As is clear from their lengthy opinions dissenting from denial of rehearing, Judge Brown and her colleague Judge Brett Kavanaugh would have reached a very different result from the panel in the case. Apart from the statutory provisions in the 1996 Telecommunications Act that expressly seek to preserve the regulatory status quo with respect to the Internet, leaving it “unfettered by Federal or State regulation,” Judge Brown argues that the question of whether common carriage rules should apply to broadband is not the type of matter that Congress would have delegated to FCC. Under the clear statement rule for major political questions, articulated in FDA v. Brown & Williamson, an agency cannot interpret its governing statute as giving it authority to regulate on a “major question of deep economic and political significance” if authorization is merely implicit. According to Judge Brown, whether to treat Internet access as a public utility is a fundamental question of how to order the market—a matter properly reserved for Congress in the absence of explicit statutory delegation.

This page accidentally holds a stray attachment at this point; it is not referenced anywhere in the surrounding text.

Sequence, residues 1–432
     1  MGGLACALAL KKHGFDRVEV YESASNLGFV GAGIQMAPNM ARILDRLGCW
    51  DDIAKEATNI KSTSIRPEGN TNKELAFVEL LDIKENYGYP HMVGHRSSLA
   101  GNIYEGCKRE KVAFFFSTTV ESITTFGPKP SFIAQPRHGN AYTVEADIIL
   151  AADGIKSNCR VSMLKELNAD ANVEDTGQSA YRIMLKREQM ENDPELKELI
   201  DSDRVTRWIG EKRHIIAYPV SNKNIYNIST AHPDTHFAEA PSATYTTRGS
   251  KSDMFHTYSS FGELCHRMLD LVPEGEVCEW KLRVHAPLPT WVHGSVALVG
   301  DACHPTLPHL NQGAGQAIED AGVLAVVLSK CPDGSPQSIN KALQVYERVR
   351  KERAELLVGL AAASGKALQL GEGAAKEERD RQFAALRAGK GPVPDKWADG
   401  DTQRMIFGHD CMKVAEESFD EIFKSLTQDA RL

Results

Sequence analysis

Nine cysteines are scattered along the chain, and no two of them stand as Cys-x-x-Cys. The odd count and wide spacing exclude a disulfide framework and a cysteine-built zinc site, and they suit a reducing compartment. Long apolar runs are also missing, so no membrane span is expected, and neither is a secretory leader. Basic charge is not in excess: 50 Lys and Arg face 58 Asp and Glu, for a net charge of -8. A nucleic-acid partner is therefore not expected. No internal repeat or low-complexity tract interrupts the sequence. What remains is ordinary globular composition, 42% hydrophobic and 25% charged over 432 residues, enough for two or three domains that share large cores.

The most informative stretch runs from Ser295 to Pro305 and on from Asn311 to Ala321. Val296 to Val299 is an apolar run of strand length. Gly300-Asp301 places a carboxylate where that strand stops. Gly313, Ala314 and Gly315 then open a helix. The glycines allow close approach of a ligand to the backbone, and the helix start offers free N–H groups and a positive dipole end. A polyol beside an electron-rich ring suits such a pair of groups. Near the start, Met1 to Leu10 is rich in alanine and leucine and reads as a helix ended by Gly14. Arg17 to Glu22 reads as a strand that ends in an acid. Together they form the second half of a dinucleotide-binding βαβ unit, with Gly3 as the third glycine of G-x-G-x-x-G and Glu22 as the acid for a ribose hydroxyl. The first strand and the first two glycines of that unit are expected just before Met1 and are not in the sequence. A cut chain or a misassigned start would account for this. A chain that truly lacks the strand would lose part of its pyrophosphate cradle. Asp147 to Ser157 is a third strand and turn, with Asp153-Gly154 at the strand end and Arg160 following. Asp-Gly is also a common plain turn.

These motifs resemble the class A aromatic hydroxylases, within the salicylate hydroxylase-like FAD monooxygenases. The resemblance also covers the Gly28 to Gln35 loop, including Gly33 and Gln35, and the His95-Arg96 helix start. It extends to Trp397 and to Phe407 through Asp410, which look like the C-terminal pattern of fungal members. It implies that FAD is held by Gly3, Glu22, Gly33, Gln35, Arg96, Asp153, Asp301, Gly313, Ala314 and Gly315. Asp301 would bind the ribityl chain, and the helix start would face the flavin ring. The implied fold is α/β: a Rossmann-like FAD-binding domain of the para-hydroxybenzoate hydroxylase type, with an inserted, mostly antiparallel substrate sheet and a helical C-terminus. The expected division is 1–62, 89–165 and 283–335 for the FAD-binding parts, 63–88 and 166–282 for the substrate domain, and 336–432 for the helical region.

Judge Kavanaugh’s separate dissent is notable for its focus on the problematic constitutional aspects of the network neutrality rules prohibiting blocking, throttling, and paid-prioritization. Under the Supreme Court’s FCC v. Turner Broadcasting holding from two decades ago, those who transmit the speech of others—such as cable providers—engage in editorial discretion and are entitled to First Amendment protection. Judge Kavanaugh argues that broadband providers stand on the same footing, and that the network neutrality rules impair their rights to curate the content on their networks. The fact that broadband providers have typically refrained from such control is in no way dispositive; a “‘use it or lose it’ theory is wholly foreign to the First Amendment.” And FCC failed to show a sufficiently substantial need to justify its limits on speech interests.